In Masters of Empire, the historian Michael A. McDonnell reveals the pivotal role played by the native peoples of the Great Lakes in the history of North America. Though less well known than the Iroquois or Sioux, the Anishinaabeg, who lived across Lakes Michigan and Huron, were equally influential. Masters of Empire charts the story of one group, the Odawa, who settled at the straits between those two lakes, a hub for trade and diplomacy throughout the vast country west of Montreal known as the pays d'en haut. Highlighting the long-standing rivalries and relationships among the great Indian nations of North America, McDonnell shows how Europeans often played only a minor role in this history, and reminds us that it was native peoples who possessed intricate and far-reaching networks of commerce and kinship, of which the French and British knew little. As empire encroached upon their domain, the Anishinaabeg were often the ones doing the exploiting. By dictating terms at trading posts and frontier forts, they played a crucial part in the making of early America. Through vivid depictions--all from a native perspective--of early skirmishes, the French and Indian War, and the American Revolution, Masters of Empire overturns our assumptions about colonial America. By calling attention to the Great Lakes as a crucible of culture and conflict, McDonnell reimagines the landscape of American history.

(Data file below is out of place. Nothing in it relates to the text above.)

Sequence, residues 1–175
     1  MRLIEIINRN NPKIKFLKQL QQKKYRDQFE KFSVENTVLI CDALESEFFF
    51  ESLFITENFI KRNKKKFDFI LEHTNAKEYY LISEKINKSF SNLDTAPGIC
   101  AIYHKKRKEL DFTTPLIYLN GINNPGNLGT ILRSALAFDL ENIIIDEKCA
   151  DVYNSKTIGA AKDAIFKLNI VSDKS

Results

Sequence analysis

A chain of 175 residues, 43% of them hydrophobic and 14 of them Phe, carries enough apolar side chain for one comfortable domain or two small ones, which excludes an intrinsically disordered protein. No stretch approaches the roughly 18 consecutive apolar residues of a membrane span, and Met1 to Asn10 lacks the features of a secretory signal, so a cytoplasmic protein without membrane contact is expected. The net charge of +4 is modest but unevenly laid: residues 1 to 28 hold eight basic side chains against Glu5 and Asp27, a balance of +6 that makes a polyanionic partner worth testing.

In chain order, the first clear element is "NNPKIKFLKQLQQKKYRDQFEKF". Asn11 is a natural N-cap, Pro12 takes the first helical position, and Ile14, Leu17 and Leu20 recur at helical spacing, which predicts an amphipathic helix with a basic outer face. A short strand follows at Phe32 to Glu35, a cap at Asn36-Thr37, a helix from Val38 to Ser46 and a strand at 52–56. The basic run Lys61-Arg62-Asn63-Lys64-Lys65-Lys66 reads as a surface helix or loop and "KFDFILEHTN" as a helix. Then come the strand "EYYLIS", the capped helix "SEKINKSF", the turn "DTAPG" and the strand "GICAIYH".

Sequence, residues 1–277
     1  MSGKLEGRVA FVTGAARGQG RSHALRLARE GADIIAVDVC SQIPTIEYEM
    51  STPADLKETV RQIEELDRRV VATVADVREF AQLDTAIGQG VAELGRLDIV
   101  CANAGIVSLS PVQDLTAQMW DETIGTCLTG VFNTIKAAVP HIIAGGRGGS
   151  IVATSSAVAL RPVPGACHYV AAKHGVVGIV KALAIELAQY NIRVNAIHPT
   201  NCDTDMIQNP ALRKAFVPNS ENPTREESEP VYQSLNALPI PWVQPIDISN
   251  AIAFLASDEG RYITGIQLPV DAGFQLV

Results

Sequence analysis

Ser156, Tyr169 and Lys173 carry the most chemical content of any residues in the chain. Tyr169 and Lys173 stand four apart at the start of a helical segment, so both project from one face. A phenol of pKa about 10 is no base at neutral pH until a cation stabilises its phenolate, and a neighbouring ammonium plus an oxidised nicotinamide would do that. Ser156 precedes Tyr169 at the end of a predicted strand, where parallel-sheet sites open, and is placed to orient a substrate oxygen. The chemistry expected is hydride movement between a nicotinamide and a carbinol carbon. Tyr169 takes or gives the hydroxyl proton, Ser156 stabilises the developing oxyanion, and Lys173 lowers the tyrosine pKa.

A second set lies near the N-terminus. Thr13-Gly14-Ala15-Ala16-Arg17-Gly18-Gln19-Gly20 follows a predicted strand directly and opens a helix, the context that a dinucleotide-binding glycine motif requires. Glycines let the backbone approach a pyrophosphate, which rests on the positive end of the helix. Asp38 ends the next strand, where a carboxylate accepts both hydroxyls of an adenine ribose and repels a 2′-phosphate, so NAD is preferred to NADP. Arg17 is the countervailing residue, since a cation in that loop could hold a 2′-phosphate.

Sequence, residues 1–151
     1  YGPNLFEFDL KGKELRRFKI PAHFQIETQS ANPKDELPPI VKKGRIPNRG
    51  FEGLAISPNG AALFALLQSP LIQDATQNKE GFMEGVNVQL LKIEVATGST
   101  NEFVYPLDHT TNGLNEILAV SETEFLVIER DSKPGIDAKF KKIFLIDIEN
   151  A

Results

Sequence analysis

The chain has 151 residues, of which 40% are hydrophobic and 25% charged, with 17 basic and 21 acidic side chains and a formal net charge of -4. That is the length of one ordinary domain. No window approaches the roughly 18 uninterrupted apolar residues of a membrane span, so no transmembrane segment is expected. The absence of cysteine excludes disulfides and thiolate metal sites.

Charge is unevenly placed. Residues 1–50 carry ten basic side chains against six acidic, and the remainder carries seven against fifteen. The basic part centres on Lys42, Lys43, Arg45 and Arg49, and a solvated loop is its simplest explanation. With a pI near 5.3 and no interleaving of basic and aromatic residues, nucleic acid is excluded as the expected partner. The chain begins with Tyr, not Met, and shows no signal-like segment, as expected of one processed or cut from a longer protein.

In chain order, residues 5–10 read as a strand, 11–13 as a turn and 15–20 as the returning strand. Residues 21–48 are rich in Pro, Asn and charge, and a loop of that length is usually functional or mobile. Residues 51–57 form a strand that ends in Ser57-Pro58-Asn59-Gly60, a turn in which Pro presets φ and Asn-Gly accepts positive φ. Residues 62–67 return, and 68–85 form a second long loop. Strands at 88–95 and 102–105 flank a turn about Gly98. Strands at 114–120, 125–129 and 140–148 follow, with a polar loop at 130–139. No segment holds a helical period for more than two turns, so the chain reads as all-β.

In today's United States, the legacy of the American Revolution looms large. From presidential speeches to bestselling biographies, from conservative politics to school pageants, everybody knows something about the Revolution. Yet what was a messy, protracted, divisive, and destructive war has calcified into a glorified founding moment of the American nation. Disparate events with equally diverse participants have been reduced to a few key scenes and characters, presided over by well-meaning and wise old men.